Seeking a balance between the new and the old, exploring and keeping the comforts of everyday life.
We seek the new and the unfamiliar. A good friend of ours (A certain Mr. Fredrick Gault) once asked us why we wanted to start teleskiing when we were such good downhill skiers. And as we ski precariously balanced in the tele position, trying to stay away from inept skiers careening downhill on intermediate slopes, I ask myself the same thing.
It is the same reason why, with friends and an established, comfortable life in San Francisco, we are considering the move to another city. And why we put ourselves at a disadvantage among serious outdoor enthusiasts in the wilderness EMT class. We crave the excitement of doing something new and different and the satisfaction that results from having achieved it. These enterprises do not always result in success – my unsuccessful attempt at Aconcagua as an example – but when they do, we are enriched with new experiences. And sometimes whole new cultural worlds open up to us; learning Italian showed us entirely new aspects of food, wine, film, music, books. We could better appreciate Traviata and Turandot, Calvino and Buzzati, Fellini and Antonini.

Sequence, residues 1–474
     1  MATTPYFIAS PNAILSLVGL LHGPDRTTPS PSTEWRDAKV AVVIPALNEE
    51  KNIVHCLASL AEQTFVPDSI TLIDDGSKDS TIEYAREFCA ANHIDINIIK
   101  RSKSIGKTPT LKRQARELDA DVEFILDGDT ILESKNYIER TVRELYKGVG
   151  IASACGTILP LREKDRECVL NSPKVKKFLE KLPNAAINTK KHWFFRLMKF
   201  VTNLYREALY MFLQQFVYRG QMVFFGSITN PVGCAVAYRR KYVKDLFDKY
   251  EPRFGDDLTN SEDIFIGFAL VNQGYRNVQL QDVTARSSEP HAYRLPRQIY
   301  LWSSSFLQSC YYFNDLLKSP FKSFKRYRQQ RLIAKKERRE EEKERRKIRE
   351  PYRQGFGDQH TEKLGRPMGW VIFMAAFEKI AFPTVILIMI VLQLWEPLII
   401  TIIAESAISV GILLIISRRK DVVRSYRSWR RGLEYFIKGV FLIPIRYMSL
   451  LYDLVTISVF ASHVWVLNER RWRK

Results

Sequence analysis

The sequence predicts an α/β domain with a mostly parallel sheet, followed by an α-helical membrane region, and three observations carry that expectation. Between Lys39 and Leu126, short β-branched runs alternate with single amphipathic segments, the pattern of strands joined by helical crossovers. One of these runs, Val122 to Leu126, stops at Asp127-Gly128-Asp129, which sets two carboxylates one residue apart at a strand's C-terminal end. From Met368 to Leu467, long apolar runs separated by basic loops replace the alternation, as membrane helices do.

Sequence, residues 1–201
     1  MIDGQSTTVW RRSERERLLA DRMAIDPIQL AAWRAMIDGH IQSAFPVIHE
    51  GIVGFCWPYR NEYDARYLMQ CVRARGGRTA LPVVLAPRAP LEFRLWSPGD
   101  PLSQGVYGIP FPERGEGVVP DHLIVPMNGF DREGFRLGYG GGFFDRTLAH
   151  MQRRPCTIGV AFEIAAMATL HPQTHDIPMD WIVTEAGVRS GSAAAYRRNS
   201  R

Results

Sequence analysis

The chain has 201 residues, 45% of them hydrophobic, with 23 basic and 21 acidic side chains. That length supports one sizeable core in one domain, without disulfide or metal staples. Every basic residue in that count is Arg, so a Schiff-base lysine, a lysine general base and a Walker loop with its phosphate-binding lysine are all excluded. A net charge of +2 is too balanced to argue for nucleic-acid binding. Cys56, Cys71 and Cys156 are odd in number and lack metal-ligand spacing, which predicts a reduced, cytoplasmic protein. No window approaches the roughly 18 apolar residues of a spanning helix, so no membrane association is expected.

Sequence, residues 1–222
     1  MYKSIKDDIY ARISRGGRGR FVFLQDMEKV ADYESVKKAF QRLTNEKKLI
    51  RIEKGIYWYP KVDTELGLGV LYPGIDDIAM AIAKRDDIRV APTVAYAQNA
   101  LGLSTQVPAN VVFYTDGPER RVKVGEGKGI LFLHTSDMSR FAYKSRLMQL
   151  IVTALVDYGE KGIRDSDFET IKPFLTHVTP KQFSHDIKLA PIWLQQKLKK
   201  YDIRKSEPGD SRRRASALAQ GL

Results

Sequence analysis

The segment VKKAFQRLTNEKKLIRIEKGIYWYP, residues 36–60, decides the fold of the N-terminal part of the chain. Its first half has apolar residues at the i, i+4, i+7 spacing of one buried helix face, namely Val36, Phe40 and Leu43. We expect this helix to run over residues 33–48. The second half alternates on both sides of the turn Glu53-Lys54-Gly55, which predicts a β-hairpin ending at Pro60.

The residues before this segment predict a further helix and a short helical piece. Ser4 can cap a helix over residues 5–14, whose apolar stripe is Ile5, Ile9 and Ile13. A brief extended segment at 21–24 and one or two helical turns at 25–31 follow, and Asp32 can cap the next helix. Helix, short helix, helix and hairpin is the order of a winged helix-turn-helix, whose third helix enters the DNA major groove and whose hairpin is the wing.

And yet we will always need a multicultural city to live in – I cannot imagine myself living in the country for an extended period of time, beautiful as it is. We have all of our music with us, we see movies on a portable home theater setup, we seek out gourmet food and wine stores, we stay connected to friends and family over the internet. We take a little bit of our life with us.
We like to experience different cultures but enjoy the comfort of familiar activities. It is this balance of the strange and the familiar that ultimately makes us happy.